Hi guys, welcome to VENTS! How have you been?
We’ve been okay! Trying to stay positive with how crazy the world is right now. But we’re excited to have a new album to unearth to the world, that’s keeping our spirits up.
Can you talk to us more about your latest single “Monarch”?
Monarch touches on what society expects out of a man, and how these expectations essentially turn these men into monsters. Feeling like you can’t show any weakness, or emotion is not healthy for any human. The result is unbalanced men who may resort to violence instead of just feeling comfortable being vulnerable. Being vulnerable and being a strong man aren’t mutually exclusive.
Did any event in particular inspire you to write this song?
Not one event in particular. It’s more the fabric of society that has this deep rooted idea of what a man should be that I think we all grew up with as well. You see the monsters these ideals produce, whether it be through their violence, their abuse, their exploitation, or what they do when they come into power.
How was the filming process and experience behind the video?
It was definitely interesting! Because of covid we had to do a lot of things remotely and send it to the videographer. We decided that we wanted to make this video as great as possible so we rented the python. Joel basically did all those shots on his own. We were curious to see how he’d do with a massive snake around his neck and it turned out great. Overall, given the difficulty of getting creative projects done and being so far from each other we were really happy with how the video turned out.
The single comes off your new album Imperial – what’s the story behind the title?
The literal definition of Imperial means “relating to an Empire.” I think the album narrows in on the sort of “empires” present in the world today. We put them under the microscope and see the injustice, the corruption, the greed, and most importantly the resilience of the people who are suffering.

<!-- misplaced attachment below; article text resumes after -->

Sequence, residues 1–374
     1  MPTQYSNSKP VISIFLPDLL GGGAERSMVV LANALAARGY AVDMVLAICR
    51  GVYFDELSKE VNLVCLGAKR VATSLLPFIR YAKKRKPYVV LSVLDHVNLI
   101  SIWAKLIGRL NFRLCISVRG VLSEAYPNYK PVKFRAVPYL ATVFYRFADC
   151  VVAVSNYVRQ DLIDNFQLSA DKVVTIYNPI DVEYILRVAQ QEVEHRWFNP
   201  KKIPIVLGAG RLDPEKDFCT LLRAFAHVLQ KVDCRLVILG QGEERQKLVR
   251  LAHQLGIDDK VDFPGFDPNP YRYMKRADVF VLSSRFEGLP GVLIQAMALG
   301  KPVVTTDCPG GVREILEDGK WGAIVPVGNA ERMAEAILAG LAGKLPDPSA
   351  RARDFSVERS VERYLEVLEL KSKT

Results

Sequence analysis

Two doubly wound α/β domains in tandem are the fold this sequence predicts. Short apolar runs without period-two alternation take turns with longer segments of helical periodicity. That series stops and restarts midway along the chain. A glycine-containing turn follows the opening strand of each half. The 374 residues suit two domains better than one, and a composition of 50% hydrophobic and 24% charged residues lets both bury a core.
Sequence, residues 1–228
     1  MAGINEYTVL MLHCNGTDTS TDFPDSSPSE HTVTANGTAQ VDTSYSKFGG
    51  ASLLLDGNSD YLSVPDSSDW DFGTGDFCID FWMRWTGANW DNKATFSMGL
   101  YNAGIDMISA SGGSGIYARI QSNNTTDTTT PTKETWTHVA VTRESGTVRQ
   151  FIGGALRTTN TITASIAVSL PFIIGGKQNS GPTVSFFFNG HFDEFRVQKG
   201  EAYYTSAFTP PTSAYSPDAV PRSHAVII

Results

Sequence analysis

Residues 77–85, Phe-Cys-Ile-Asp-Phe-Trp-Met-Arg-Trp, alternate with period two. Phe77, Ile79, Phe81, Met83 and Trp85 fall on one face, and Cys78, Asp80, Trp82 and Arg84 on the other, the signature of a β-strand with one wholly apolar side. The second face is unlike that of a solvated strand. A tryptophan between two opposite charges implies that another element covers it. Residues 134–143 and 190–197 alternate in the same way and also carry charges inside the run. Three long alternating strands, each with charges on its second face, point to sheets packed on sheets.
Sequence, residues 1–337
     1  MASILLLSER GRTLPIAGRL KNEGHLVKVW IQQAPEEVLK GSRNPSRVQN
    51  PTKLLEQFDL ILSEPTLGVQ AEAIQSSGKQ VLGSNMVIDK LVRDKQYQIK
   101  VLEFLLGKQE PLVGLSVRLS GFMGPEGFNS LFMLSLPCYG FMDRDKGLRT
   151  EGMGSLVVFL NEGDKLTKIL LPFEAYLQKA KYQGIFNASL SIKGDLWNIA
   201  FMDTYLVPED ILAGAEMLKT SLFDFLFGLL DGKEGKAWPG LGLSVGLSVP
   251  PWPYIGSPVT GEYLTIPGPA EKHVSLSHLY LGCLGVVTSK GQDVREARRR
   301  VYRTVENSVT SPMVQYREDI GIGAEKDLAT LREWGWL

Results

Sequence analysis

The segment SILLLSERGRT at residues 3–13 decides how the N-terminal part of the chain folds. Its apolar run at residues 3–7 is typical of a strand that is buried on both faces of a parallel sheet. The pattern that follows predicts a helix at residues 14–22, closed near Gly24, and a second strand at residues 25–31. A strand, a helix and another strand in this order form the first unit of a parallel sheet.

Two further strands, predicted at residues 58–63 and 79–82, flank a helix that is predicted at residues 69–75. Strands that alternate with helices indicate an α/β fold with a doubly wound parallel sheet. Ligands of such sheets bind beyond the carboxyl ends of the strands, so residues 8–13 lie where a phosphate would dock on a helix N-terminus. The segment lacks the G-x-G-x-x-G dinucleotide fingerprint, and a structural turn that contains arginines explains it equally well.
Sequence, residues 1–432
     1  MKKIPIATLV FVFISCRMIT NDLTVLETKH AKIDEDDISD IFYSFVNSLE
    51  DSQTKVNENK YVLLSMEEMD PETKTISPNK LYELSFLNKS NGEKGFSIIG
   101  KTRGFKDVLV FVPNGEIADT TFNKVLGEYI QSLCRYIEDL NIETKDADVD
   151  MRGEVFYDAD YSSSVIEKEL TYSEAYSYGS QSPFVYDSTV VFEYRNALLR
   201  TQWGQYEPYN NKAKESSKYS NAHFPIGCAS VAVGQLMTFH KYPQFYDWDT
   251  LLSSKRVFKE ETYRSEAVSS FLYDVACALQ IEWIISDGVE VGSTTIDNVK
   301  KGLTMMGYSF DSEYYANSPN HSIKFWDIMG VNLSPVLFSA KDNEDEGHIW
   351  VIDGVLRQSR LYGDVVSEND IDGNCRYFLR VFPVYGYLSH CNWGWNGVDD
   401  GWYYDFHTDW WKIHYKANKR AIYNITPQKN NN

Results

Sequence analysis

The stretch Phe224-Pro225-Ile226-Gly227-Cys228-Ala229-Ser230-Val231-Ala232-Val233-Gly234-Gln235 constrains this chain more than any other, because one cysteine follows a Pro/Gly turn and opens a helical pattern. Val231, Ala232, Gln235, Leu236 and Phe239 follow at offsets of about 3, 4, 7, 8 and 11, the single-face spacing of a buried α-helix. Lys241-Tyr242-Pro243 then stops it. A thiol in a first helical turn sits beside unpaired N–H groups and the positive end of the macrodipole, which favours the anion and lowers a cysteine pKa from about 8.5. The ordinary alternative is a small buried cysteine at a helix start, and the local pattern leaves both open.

How was the recording and writing process?
The writing was done at the end of the Lotus tours in 2019. Recording began early in 2020 and then the plan was to continue recording in between a busy touring schedule. Then covid hit and we had to cancel everything and get home to our counties/families. The silver lining about it all was that it gave us a lot more time to focus on recording the record. I think going into 2020 we were a bit stressed with trying to figure out how we were going to find the time to track everything. So although some of us were far apart and that is by no means ideal, we were fortunate to have lots of time to get everything right.
With all of you guys coming off these pretty huge bands within your scene – was this band and record meant to be a complete departure from your previous work or rather a continuation?
Both a departure and a continuation! A continuation in a sense that it still has all the elements that make Soen what it is, but a departure in terms of its evolution. It’s always important for all your albums to have a sense of individuality and I think Imperial definitely has a sort of character and feel that is different from Lotus. This one is far more powerful and driving.
With great reception your music was getting as you were putting this new material – did any of you feel any pressure while working on the new songs?
Not really. At the end of the day we’re just writing music that we want to play and that we’re passionate about. The fact that people like it is just a massive bonus. But I think when you stay true to yourselves and write the stuff that means something people are going to feel that and latch onto it.
What role does Sweden play in your music?
Sweden is simply the home-base of the band. Martin, Joel and Lars live there. So when it’s time to rehearse (and usually record) everybody is in Sweden and we get down to business!
What were some of the emotions you guys got to explore with this album?
Triumph is the first word that comes to mind. I think when you analyze the state of the world there are a large amount of emotions that come with it. Anger, sadness, passion, deep understanding.
Where else did you find the inspiration for the songs and lyrics?
The newspaper. The dire headlines. Watching history repeat itself. Seeing the struggles of many. The “real world stuff” if you will. I think Lotus was a bit more personal in it’s lyrical themes. Imperial is more of an album for/about the people.
What else is happening next in Soen’s world?
We’re currently just getting excited about having a new record out there. It’s definitely a time you live for as an artist – seeing your hard work manifest into something real. On the other hand we’re starting to get our live arrangements of the songs in order. We’re really not sure how this year is going to unfold. But when it’s time to hit the stage again we’ll be ready!